Impacts of biogenic CO2 emissions on human health and terrestrial ecosystems: The case of increased wood extraction for bioenergy production on a global scale

van Zelm R, Muchada PAN, van der Velde M, Kindermann G, Obersteiner M, & Huijbregts MAJ (2015). Impacts of biogenic CO2 emissions on human health and terrestrial ecosystems: The case of increased wood extraction for bioenergy production on a global scale. GCB Bioenergy 7 (4): 608-617. DOI:10.1111/gcbb.12153.

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Abstract

Biofuels are a potentially important source of energy for our society. Common practice in life cycle assessment (LCA) of bioenergy has been to assume that any carbon dioxide (CO2) emission related to biomass combustion equals the amount absorbed in biomass, thus assuming no climate change impacts. Recent developments show the significance of contributions of biogenic CO2 emissions during the time they stay in the atmosphere. The goal of this article is to develop a global, spatially explicit method to quantify the potential impact on human health and terrestrial ecosystems of biogenic carbon emissions coming from forest wood extraction for biofuel production. For this purpose, changes in aboveground carbon stock (delta C forest) due to an increase in wood extraction via changes in rotation time are simulated worldwide with a 0.5x0.5 degree grid resolution. Our results show that both impacts and benefits can be obtained. When the extraction increase is reached by creating a longer rotation time, new growth is allowed resulting in carbon benefits. In a case study, we assessed the life cycle impacts of heat production via wood to determine the significance of including biogenic CO2 emissions due to changes in forest management. Impacts of biogenic CO2 dominate the total climate change impacts from a wood stove. Depending on the wood source country, climate change impacts due to heat production from wood either have an important share in the overall impacts on human health and terrestrial ecosystems, or allow for a large additional CO2 sink.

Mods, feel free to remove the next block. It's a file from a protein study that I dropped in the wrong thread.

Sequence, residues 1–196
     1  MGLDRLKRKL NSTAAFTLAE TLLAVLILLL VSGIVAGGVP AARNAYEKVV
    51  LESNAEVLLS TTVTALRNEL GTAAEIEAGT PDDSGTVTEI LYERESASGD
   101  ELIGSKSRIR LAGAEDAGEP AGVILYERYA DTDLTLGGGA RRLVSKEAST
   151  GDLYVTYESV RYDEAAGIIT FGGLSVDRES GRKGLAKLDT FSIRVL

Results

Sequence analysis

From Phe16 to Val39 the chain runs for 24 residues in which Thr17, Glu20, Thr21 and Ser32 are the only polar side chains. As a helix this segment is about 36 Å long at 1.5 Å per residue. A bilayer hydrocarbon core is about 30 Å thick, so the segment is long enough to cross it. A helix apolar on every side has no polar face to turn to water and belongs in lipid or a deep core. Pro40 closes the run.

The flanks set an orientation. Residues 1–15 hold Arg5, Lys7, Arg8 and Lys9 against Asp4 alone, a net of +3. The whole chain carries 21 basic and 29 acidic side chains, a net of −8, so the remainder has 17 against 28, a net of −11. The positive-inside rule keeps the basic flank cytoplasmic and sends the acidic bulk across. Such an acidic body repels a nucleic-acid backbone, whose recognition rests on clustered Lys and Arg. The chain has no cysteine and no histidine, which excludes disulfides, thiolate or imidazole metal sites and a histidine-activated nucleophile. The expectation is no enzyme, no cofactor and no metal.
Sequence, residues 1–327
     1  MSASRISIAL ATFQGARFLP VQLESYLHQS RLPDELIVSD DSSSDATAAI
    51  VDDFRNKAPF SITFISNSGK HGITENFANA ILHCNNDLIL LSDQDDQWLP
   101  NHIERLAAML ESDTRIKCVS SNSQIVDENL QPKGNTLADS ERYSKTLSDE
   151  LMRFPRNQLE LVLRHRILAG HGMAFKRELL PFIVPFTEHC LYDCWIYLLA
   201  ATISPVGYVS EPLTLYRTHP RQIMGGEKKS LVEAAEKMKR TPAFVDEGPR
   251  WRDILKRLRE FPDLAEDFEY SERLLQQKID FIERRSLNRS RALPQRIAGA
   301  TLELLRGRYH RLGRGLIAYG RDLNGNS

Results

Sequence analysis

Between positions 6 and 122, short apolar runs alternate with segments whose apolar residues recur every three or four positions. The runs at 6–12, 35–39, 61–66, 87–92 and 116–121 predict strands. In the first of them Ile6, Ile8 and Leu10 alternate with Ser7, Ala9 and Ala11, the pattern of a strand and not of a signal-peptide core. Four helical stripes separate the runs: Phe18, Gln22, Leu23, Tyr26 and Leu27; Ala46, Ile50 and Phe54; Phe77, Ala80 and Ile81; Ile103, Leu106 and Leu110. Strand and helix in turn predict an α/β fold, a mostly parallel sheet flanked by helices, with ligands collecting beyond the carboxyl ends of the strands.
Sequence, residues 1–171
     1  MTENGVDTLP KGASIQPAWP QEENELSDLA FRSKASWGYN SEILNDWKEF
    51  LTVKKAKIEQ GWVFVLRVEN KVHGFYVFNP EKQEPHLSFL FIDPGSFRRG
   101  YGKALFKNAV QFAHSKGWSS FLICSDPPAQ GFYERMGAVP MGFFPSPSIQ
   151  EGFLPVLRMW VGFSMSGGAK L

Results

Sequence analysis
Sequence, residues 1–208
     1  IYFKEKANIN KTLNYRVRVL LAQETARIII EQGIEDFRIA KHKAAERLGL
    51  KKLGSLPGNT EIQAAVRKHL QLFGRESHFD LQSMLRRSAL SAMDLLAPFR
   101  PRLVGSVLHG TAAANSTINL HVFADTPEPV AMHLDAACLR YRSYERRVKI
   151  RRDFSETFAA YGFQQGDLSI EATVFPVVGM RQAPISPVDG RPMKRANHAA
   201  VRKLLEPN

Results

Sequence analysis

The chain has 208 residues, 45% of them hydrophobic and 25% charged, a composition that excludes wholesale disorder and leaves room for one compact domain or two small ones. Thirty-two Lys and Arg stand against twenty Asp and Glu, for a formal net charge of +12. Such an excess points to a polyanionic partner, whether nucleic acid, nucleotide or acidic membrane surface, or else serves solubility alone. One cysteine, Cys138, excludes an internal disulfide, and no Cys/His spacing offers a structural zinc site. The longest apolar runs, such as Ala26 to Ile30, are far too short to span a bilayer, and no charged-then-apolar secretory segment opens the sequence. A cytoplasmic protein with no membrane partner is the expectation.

Forestry rotation time; Global scale modelling; Human health impact; Life cycle impact assessment; Spatially explicit

Item Type: Article
Research Programs: Ecosystems Services and Management (ESM)
Bibliographic Reference: GCB Bioenergy; 7(4):608-617 (July 2015) (Published online 8 March 2014)
Depositing User: IIASA Import
Date Deposited: 15 Jan 2016 08:53
Last Modified: 23 Feb 2016 11:58
URI: http://pure.iiasa.ac.at/11437

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